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Google: Mobile-Friendly Does Not Mean Ready For Mobile-First Index

Google: Mobile-Friendly Does Not Mean Ready For Mobile-First Index

Google’s John Mueller advises site owners that mobile-friendliness is not the same as ready for mobile-first indexing.

When determining whether to move a site to the mobile-first index, Google looks at criteria beyond whether the site is optimized for mobile devices.

A site could be designed for mobile and not still not be considered ready for Google’s mobile-first index if it doesn’t meet other criteria.

Mueller provided this guidance in response to a thread on Reddit titled: “Despite being mobile friendly, what could be the reasons for Google to use a desktop crawler as a primary crawler?”

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Google uses different web crawlers depending on whether the site is in the mobile-first index or regular index.

Site owners can see in Search Console whether Google is using the mobile or desktop version of Googlebot to crawl a site.

Here’s an example where you can see at the top of the report it reads “Primary crawler: Smartphone”, indicating that the site has migrated to Google’s mobile-first index.

Google: Mobile-Friendly Does Not Mean Ready For Mobile-First Index

Given that most sites have been moved over to mobile-first indexing, it’s reasonable to expect to see the mobile version of Googlebot being used when checking Search Console reports.

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In this case, the Reddit user’s mobile-friendly site is still being crawled with Google’s desktop crawler, which is a sure sign that it has not been migrated to mobile-first indexing.

What could be the reason for that?

Google’s John Mueller on Mobile-First Indexing

A key piece of criteria Google looks for when moving sites over to the mobile-first index is that the site shows identical content on all devices.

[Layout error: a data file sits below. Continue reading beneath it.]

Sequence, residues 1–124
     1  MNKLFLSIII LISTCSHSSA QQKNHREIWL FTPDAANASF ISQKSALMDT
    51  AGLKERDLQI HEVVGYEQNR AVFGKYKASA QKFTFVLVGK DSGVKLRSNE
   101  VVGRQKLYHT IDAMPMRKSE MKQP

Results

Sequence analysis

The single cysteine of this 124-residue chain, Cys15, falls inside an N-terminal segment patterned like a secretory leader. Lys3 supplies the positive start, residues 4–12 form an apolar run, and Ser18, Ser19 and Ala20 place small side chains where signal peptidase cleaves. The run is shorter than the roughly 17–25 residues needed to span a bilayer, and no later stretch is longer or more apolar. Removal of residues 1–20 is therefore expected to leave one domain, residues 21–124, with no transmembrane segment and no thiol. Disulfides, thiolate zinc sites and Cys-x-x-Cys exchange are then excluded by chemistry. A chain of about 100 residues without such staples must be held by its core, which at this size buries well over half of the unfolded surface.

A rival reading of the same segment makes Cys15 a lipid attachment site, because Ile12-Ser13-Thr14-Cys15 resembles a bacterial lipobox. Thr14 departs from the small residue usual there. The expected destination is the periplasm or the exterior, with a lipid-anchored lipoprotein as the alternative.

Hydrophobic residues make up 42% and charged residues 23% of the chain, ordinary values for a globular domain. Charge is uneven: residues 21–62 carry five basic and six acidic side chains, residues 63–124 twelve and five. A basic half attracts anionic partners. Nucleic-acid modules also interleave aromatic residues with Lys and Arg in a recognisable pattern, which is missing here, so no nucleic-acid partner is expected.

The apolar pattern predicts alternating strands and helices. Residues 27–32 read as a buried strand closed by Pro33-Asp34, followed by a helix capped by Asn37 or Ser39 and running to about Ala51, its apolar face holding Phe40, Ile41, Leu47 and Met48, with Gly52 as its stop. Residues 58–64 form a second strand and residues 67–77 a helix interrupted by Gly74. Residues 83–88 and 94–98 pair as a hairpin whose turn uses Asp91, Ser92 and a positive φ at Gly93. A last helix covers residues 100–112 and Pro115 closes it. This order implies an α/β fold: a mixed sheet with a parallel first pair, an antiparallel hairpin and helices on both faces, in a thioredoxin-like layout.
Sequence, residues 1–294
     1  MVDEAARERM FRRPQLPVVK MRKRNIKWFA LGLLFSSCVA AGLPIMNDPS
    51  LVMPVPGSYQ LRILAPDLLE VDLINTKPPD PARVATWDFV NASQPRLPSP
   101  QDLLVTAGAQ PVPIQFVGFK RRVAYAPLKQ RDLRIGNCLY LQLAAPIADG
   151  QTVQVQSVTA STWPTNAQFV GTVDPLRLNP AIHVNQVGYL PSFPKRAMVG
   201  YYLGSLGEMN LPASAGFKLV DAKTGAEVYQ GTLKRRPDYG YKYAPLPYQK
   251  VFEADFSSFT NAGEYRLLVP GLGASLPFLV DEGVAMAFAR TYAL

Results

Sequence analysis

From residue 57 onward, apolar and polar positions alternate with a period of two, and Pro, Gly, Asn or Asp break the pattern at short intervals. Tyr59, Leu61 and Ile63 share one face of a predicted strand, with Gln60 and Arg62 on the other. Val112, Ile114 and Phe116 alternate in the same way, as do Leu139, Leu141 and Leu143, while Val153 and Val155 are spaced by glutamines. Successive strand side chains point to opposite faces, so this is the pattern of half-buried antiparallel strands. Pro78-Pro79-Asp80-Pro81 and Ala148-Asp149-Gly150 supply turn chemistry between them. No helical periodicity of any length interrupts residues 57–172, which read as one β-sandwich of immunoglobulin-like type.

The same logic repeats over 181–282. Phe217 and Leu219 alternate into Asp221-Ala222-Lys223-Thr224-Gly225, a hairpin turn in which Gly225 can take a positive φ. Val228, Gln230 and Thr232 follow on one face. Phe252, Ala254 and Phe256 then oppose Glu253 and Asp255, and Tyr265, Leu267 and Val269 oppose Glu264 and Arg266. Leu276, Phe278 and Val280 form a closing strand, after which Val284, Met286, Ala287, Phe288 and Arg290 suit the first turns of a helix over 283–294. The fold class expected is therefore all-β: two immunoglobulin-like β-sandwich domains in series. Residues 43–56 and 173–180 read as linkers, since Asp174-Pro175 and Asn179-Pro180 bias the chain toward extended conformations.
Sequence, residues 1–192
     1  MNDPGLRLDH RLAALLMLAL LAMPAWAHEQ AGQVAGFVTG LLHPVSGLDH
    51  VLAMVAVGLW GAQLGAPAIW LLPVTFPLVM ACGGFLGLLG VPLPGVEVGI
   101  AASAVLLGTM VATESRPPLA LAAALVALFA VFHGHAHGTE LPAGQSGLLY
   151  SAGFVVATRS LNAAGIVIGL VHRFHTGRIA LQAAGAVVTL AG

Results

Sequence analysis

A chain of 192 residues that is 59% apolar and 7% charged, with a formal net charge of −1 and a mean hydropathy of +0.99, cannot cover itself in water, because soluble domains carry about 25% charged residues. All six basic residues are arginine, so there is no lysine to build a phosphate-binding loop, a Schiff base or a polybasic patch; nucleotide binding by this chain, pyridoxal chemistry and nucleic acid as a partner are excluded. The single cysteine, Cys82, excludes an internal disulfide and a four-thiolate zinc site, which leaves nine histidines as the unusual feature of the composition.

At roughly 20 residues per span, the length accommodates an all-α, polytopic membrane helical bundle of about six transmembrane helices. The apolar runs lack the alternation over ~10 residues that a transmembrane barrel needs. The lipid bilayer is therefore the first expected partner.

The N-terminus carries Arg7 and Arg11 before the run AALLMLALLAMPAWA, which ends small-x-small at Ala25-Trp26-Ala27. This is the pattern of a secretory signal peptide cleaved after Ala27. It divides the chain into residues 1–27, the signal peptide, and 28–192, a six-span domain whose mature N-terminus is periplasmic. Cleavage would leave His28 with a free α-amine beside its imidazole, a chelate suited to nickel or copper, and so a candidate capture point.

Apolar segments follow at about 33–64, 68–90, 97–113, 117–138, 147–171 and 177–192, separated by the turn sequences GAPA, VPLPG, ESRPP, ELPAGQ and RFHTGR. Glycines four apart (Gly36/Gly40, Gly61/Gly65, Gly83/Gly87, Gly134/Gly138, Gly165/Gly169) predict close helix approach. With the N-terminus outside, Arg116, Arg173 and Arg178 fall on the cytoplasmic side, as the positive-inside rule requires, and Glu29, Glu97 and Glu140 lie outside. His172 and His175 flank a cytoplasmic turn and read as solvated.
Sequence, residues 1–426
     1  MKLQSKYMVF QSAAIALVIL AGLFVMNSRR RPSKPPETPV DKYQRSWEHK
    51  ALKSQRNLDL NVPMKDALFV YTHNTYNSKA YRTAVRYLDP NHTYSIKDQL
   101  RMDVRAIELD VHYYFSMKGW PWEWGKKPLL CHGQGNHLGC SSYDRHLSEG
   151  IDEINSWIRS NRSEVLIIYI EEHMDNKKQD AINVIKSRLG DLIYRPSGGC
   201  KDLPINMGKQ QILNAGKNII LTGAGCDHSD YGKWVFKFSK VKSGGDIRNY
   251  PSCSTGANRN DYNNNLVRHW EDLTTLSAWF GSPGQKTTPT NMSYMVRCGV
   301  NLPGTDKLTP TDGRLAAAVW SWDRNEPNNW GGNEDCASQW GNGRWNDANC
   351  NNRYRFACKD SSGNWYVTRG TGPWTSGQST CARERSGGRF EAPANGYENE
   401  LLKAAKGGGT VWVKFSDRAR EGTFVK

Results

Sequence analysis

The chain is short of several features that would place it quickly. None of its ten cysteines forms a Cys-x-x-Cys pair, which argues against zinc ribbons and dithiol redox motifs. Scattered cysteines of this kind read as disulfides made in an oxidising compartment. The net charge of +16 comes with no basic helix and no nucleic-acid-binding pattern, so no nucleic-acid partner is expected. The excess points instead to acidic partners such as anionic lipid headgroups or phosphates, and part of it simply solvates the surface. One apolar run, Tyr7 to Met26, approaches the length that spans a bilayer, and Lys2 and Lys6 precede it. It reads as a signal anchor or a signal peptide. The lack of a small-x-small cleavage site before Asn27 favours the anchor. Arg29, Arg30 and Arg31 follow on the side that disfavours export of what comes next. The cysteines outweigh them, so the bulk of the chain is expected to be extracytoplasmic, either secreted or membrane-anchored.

If the desktop version of a site’s pages has critical content that’s not shown to users on mobile devices, then the site would not be considered suitable for mobile-first indexing.

“Mobile friendly doesn’t mean it’s suitable for mobile indexing (it could be easy to use on mobile devices, but lack a lot of the content, for example).”

If you’re sure the important content is shown to users on all devices, then Mueller says not to worry.

Google’s algorithms may scrutinize a site a little too hard and hold it back from mobile-first indexing because of minor discrepancies.

“That said, if you’re sure that the content is all there on mobile, I wouldn’t sweat it. Sometimes out algorithms are a bit on the conservative side in that regard. A variation I saw a few times was that our algorithms were holding back a site because it didn’t have the same number of related items linked on the bottom of a product-page / post — yes, that’s a content difference, but you probably don’t need to care about it because it’s not going to change how your site overall is showing in search.”

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However, there could be differences that actually matter in the grand scheme of things. That could include items missing from one version of a site compared to the other such as structured data, images, internal links, and so on.

“Obviously, it could also be because your site has real differences, like missing structured data, fewer significant images, bad internal linking on mobile, etc — these are things that those who don’t look deeply might miss.”

If you’re patiently waiting for Google to move your site to mobile-first indexing, and can’t figure out why it hasn’t happened yet, now you know a few more areas to check for content parity.

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Source: Reddit

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Matt Southern

Lead News Writer at Search Engine Journal

Matt Southern has been the lead news writer at Search Engine Journal since 2013. With a degree in communications, Matt ... [Read full bio]

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